I have a feeling that it is
strings which is thwarting my efforts here.
The binary files I want to use
strings on unfortunately yield several matches per file, even though it is a 100% rule that exactly one of these contains the string with a
NUL character at the end. And THIS is the string I want. I'm also working this way to make sure that false positives are eliminated from the beginning.
Unfortunately, it seems that
strings cannot be taught to preserve the null-bytes so I can
Sample line: (simplified)
$ find . -maxdepth 1 -type f -size +1M -print0 | xargs -0 strings -fwn 3 | grep -w 'XYZ'
strings could be told to keep the
\0 characters, it would even allow something like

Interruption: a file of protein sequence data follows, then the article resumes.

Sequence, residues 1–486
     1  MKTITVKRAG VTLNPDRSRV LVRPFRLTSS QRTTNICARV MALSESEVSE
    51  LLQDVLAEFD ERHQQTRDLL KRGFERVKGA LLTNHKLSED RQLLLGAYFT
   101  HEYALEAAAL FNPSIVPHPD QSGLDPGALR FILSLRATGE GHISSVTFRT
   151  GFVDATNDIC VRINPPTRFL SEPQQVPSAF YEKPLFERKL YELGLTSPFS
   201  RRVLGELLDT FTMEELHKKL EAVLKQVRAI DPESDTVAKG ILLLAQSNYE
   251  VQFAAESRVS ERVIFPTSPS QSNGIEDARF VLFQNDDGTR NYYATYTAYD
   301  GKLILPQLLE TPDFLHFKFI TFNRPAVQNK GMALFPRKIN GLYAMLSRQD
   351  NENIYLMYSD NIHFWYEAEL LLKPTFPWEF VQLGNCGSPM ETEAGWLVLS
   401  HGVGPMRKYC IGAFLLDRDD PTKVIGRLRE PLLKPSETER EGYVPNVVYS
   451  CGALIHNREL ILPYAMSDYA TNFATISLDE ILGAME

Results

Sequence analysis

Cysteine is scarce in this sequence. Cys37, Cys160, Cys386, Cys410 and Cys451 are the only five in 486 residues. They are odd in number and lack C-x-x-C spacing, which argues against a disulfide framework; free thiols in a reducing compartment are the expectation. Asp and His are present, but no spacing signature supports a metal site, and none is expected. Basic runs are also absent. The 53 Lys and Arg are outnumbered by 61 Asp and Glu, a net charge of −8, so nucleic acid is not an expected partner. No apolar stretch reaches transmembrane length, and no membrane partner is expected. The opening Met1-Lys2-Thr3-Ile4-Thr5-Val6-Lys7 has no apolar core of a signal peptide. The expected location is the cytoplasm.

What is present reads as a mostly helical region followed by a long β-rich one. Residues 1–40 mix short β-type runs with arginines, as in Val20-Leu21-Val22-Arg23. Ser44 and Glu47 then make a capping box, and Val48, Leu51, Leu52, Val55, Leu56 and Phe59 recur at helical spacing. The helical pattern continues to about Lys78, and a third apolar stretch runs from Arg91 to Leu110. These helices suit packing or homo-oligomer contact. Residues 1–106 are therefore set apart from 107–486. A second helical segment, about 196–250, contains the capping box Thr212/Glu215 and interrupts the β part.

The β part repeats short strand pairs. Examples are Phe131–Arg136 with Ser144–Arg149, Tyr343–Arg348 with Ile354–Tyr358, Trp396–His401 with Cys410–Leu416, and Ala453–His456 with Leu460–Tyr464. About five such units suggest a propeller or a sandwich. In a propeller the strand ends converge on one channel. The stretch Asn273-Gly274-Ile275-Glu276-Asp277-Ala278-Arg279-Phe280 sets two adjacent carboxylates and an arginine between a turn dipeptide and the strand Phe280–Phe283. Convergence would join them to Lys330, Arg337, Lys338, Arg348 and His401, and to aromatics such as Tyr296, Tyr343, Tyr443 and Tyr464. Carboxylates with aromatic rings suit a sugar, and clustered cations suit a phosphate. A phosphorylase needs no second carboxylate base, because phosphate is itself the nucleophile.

... | grep -w 'XYZ[^[:print:]]' at the end of the pipe later.
But of course,
grep is powerless whenever the preceding command in the pipe has already eliminated the '\0'.
I've even thought of a (fairly ugly) way to tackle this problem by
tr'ing each '\0' character to something like '\177' (decimal 255) in the whole file that's being processed.
But that would probably yield too many false positives.
Any better solutions out there?
Additional note: Although this question only covers the most common case (
NUL), an optimum solution would define as one that is suitable for easy adaptation on other non-printable characters used for string termination as well.